New Delhi is India’s capital and second largest city, with over 15 million people. The city is in central – northern India and it is it’s own region called the National Capital Territory of Delhi, sharing its borders with Uttar Pradesh, Punjab, Rajasthan, and Haryana. Delhi is broken down into nine districts, 59 towns, 165 villages and many other small areas. Later that evening we were greeted at The Oberoi Amarvilas, a luxurious hotel, which overlooks the Taj Mahal.
After a 5.00am wake up call the next morning, we travelled five minutes from the door of the hotel to the gates of the Taj Mahal. Although it was early you could sense the excitement and anticipation within the group and I couldn’t help myself as I too got caught up in the buzz.
It is hard to describe the feeling as we witnessed the effect of the rising sun on this magnificent monument.
Emperor Shah Jehan was devoted to his wife Mumtaz Mahal, who died giving birth to their fourteenth child. He resolved to build his wife a memorial surpassing anything the world had ever seen. Twenty thousand labourers and craftsman from Persia, Turkey, France and Italy constructed this unrivalled masterpiece.
Later in the day the group and I travelled to the Agra fort, built by Emperor Akbar between 1565 and 1573. This incredible fort, with its imposing gates and walls of red sandstone, dominates the city.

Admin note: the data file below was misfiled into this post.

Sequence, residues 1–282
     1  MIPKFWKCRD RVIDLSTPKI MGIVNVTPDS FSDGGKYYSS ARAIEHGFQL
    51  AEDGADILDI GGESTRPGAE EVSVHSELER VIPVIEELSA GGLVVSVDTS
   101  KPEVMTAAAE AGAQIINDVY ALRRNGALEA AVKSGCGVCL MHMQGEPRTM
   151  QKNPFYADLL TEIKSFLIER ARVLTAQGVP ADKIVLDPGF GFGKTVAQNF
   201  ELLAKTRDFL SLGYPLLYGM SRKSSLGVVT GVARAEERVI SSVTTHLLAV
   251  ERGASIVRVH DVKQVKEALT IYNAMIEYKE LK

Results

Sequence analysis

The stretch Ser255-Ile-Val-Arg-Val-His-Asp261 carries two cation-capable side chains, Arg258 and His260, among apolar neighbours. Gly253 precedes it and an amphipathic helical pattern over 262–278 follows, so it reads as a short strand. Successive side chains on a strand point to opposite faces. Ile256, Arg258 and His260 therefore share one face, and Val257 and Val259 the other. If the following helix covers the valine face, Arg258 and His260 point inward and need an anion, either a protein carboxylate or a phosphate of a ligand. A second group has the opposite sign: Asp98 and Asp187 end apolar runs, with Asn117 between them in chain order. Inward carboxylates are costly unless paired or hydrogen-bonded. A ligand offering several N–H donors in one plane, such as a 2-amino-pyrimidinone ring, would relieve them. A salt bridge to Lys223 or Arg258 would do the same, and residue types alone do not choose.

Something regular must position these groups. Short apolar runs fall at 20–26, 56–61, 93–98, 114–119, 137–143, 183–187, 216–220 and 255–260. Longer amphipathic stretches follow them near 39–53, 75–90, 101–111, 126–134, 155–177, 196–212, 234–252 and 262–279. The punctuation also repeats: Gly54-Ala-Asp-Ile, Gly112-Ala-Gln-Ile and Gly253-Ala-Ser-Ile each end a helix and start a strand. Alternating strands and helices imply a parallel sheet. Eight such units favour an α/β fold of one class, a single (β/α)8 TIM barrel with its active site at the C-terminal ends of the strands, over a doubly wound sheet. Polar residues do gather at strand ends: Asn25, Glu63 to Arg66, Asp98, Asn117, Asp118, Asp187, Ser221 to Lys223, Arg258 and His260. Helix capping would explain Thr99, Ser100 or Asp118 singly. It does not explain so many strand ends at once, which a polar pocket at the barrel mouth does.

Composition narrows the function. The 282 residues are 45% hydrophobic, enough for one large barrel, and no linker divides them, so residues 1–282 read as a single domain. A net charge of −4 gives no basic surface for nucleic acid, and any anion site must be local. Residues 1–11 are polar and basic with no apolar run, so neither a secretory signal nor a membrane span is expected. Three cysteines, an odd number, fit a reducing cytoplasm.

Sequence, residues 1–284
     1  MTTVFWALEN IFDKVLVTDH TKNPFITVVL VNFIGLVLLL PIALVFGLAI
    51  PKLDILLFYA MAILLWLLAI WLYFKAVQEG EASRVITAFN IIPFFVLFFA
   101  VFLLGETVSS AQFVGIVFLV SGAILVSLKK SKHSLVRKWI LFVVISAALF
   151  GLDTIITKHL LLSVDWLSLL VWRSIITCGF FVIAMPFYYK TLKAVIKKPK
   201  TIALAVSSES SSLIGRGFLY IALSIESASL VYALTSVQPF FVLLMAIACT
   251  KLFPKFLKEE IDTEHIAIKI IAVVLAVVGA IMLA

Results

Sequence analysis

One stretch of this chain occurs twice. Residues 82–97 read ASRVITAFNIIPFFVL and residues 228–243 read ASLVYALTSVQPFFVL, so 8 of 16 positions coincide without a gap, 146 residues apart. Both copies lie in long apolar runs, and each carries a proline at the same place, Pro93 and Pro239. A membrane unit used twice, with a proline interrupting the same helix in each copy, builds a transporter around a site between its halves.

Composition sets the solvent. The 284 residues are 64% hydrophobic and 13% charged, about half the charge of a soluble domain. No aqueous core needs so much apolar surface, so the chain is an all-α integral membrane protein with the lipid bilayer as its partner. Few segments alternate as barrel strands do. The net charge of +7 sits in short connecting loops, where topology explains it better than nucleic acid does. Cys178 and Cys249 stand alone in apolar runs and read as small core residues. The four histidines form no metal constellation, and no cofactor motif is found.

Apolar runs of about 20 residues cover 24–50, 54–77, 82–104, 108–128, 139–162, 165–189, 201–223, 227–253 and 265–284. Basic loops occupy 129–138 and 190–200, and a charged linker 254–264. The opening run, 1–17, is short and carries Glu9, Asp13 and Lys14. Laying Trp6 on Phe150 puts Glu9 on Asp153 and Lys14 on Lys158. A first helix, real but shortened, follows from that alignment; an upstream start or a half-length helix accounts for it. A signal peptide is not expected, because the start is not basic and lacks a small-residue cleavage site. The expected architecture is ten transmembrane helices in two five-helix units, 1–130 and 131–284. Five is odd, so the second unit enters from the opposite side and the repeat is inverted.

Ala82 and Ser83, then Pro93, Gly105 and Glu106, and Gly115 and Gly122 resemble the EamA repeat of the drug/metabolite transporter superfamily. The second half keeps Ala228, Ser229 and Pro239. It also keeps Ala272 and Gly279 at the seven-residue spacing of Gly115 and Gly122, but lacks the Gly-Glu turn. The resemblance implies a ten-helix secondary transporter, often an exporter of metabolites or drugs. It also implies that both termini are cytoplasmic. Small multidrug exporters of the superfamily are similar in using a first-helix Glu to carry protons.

We stood in the room where Emperor Shah Jehan was imprisoned by his own son, and looked out to the final resting place of his wife through the windows. Emperor Shah Jehan spent the last eight years of his life with this view of his dedication and admiration of his wife. It was hard not to feel saddened by his story; you can only imagine his heartache and loneliness.
As evening approached, we travelled back to the Taj Mahal to watch the sun set upon her. The most unusual story about the Taj is that there might have been two of them. The emperor had intended to build a second tomb in black marble, a negative image of the white Taj. This was before he was tragically imprisoned by his son.